“Did you used to be scared of fireworks when you were a little kid?”


They are loud and bright explosions, by the way. What a privilege I have, that now when I hear the neighbors setting off fireworks, I can run outside to try to see them, not have to run to an interior room, and cover my head in fear of other kinds of explosions. With the pop pop pop of the bottle rockets, we have nothing more than ignorance to be scared of.

We are so lucky that we do not have to worry that the muffled sound of explosions is something of which protect ourselves from. When I lived next to Fort Benning, we would hear bombings on foggy days, and we knew that they would not come our way. When we lived next to the bridge that the local Air Force base used for trial runs, the scree of the jets and helicopters became something else we would look out in search of novelty. In movies, the bigger the better, even if they scoff at physics, like the huge explosion set in space.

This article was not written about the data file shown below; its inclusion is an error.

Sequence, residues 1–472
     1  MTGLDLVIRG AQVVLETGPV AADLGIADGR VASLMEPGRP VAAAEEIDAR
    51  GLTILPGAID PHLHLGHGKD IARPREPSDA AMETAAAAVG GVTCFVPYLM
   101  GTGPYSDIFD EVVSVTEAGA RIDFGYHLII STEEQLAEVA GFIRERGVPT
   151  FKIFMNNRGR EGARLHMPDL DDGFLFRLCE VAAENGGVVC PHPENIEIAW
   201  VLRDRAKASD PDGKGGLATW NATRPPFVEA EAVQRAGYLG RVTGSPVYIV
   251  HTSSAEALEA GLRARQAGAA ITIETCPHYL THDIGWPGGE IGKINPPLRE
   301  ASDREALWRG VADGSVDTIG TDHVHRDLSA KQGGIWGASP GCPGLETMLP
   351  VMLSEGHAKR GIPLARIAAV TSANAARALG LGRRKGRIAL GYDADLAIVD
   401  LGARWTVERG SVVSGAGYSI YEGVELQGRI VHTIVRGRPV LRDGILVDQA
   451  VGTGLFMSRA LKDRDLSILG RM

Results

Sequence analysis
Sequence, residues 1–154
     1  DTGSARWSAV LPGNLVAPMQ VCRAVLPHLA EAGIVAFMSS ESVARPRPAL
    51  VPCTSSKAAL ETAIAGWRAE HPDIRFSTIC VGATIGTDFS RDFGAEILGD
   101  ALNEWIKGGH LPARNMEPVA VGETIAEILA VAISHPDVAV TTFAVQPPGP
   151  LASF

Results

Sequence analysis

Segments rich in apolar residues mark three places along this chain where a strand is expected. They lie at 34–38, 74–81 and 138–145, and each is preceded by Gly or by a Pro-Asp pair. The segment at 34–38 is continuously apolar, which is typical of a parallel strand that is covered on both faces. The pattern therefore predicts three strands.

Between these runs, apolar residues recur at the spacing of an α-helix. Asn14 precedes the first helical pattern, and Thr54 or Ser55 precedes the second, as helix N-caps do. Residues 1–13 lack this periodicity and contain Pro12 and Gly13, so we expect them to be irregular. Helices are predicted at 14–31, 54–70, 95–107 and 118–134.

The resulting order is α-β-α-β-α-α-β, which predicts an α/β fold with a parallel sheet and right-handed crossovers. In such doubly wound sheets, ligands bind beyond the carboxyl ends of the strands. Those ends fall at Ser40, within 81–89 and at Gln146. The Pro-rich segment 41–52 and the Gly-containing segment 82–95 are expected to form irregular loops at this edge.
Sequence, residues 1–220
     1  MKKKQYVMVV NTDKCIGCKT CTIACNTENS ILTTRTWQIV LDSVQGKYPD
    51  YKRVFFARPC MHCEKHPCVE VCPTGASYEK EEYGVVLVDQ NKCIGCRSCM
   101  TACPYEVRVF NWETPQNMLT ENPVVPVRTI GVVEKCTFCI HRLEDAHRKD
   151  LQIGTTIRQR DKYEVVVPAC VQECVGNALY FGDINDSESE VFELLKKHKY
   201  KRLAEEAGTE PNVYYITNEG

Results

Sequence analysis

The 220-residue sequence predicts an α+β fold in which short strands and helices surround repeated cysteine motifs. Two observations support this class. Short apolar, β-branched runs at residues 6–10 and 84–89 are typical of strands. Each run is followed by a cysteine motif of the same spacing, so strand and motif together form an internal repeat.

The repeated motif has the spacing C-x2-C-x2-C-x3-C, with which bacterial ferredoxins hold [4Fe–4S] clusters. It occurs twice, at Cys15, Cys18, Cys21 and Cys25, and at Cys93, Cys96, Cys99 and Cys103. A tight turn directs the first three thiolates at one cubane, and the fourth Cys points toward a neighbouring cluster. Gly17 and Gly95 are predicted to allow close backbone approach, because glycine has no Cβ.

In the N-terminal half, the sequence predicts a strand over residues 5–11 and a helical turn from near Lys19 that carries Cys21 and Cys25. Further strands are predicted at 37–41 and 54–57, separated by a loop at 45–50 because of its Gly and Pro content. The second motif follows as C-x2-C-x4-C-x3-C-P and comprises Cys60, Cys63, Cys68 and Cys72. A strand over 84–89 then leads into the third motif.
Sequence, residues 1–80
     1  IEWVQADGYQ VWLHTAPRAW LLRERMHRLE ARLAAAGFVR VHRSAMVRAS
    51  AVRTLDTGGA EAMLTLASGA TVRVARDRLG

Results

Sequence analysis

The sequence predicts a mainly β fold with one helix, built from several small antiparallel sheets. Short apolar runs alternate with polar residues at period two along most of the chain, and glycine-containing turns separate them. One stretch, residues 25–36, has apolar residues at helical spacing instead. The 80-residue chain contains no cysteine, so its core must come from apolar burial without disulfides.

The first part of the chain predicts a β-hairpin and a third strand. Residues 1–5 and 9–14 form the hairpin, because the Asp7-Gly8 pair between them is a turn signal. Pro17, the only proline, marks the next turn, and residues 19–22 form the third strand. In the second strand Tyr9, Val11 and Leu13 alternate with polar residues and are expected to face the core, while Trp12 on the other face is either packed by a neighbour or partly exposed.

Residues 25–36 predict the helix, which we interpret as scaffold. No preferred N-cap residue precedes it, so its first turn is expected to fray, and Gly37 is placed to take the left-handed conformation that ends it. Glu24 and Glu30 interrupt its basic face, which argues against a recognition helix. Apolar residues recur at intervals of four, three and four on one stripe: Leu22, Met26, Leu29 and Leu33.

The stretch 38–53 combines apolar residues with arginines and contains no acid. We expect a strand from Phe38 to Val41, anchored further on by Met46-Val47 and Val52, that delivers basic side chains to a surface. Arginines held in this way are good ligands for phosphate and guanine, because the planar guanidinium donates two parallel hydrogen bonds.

Unfortunately, many in the rest of the world of do not have the same liberty of ennui at scattered explosions. Many, when they do hear the coming of the scattered pop pop pop of approaching forces, they take hold of those they love and pray for safety through the night. Or a different jadedness has grown in their hearts, that they must continue to live through the violence that surrounds them. Such that when they hear it approaching, they can gauge the distance and velocity of any imminent conflict, and so know how long until they must alter their plans.

I am glad I don’t have to be scared anymore.


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